The Curse of the Jade Scorpion Directed and written by Woody Allen Starring Woody Allen, Helen Hunt, Elizabeth Berkley and Charlize Theron Classification: PG Rating: **
Set in 1940, the same year as Howard Hawks's His Girl Friday was released, Woody Allen's The Curse of the Jade Scorpion begins much in the Hawks mode, with Allen and co-star Helen Hunt playing the Cary Grant and Rosalind Russell roles. The scene is the busy office of Northcoast Insurance. We're drawn into a smart-alecky crossfire of conversation and the drawing of lines between hard-nosed insurance investigator C. W. Briggs (Allen) and the feisty new efficiency expert, Betty Ann Fitzgerald (Helen Hunt). C. W., who uses street sources, bookies and beggars to provide him with his inside dope, has no time for her newfangled ways.
This is Allen's second movie in a row about criminal lowlifes, bickering couples and con men. It's an oddity of Woody Allen's career that his last film, Small Time Crooks, was one of his most successful in recent years. Buoyed by his new relationship with DreamWorks, it had the necessary marketing push. But there's a quality of playing it safe here that makes even Celebrity seem interesting by comparison.
Once again, The Curse of the Jade Scorpion has a middling quality. It feels like an exercise in seasoned craft with an occasional good line, which can't help seeming hugely lacking in ambition. There's a prevailing sense that the wind has gone out of Allen's artistic sails.
Of course, the artist isn't the work, and biography isn't criticism, yet it's difficult, in fact, almost impossible, not to see the persona of Woody Allen imbedded in his recent films. (Culture critic Christopher Lasch found Allen's most influential movies in the seventies to be case studies in pathological narcissism). Since being publicly accused of pedophilia, certainly guilty of marrying his stepdaughter, Allen has undergone a public shaming that's arguably as extreme, if less punitive, than the one bestowed on his idol, Charlie Chaplin. The sense in The Curse of The Jade Scorpion is that Allen is determined to be innocuously pleasing rather than interesting, yet unable to let go of his old obsessions and grievances.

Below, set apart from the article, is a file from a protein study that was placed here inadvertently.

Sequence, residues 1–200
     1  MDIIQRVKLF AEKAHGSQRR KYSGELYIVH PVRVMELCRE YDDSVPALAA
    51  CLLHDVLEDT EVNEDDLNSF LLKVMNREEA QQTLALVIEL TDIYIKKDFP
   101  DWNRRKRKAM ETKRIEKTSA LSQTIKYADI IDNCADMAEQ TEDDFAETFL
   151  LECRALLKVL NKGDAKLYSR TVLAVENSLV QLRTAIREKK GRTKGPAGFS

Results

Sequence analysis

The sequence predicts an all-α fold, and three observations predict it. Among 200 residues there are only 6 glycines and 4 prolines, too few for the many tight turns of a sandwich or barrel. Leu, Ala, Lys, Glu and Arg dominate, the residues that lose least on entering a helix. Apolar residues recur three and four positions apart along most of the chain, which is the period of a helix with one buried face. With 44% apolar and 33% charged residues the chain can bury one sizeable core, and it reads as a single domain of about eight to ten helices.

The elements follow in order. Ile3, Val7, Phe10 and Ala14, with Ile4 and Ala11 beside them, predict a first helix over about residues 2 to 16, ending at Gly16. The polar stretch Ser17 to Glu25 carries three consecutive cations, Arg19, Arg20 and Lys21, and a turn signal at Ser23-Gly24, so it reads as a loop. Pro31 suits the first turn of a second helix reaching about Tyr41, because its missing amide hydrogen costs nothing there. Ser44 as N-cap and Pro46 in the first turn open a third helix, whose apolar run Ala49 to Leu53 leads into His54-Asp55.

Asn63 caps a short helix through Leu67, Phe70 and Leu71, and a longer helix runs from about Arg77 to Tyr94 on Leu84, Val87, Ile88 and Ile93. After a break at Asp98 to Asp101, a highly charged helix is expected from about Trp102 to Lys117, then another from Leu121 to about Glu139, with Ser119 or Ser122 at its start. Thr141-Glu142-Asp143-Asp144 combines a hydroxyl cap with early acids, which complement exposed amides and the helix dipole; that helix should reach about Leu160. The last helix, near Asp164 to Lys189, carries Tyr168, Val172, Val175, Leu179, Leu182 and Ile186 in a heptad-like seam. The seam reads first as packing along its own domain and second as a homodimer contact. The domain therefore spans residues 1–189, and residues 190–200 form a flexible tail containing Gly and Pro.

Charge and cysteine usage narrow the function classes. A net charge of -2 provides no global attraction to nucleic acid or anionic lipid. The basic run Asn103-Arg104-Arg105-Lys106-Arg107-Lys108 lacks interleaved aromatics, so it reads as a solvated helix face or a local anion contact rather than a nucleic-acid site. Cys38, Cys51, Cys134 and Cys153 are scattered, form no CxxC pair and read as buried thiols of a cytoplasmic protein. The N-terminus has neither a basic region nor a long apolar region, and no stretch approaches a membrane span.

There are still traces of acrimony, not with the bile of Deconstructing Harry, but with a definite edge. Here we find C. W., a character who seems almost an awkwardly self-conscious return to the nebbish of Allen's sixties comedies, ogling the office doll (Elizabeth Berkley) and being bombarded with accusations of being sleazy, misogynistic and over the hill. His verbal jousting with Betty Ann isn't just cute: He compares Betty Ann to those dictators who have recently taken the spotlight on the world stage -- Hitler and Mussolini. Betty Ann, who has the eye of her married boss (Dan Aykroyd), views C. W. as a sleazy little vermin who should be erased. Still, his character blithely dithers on, as if the adorable charm behind the randy come-ons and vitriolic remarks were self-evident.
What candy-coats the barely veiled hostility is a device of flagrant artificiality. One night, C. W., Betty Ann and the rest of the office go out to hold a party for their co-worker, George (Wallace Shawn). George is a magic buff and, for the occasion, a hypnotist (David Ogden Stiers) has been hired to entertain. The hypnotist, through a spell, makes the two enemies believe they are in love, much to their co-workers' amusement. Later, he uses his code words, "Casablanca" and "Madagascar," to entrance them into doing other criminal acts they don't remember.
Soon we have C. W./Woody hot on the trail of a criminal who appears to be him, matching wits with himself. Hypnotism may be the plot-master's laziest device, but there are moments of whimsical ingenuity here of the sort that Allen has demonstrated in movies from The Purple Rose of Cairo to Zelig and in numerous short stories. But on the downside, Allen's and Hunt's impressions of hypnotic zombies are so flat as to risk putting audiences to sleep.
Even on a level of craftsmanship, The Curse of the Jade Scorpion can't quite be bothered. There's no third act, or second act really, just a few more riffs on the period and the kind of pulp-serial matinees that filled in between real movies in the forties. In a sop to the private-eye fiction, Charlize Theron (wearing a Veronica Lake peekaboo hairdo) is cast as the bad little rich girl, Laura Kensington, who takes an unpredictable shine to the scruffy little investigator. Allen's insistence on casting himself as a leading man remains strange -- either deluded or defiant. Yes, Bogie had a few decades on Bacall, but there's invariably a point, apparently obvious to everyone except Allen, where a viewer contemplates the coupling of the twentysomething star and the sixtysomething director with a resounding, "Ick!"
Though it may not work as whimsy or homage, there's a spirit of affection in The Curse of the Jade Scorpion. It just doesn't seem to be particularly directed toward human beings. With a set designed by Santo Loquasto, shot by Zhao Fei, a world of dowdy, burnished elegance comes to life. Given Allen's spare directing style -- mostly master shots that make the backgrounds as important as the characters -- the viewer leaves The Curse of the Jade Scorpion with warm feelings toward interior decoration and the music of the past, but little memory of the characters who inhabited it. ... Schneller on Woody. R3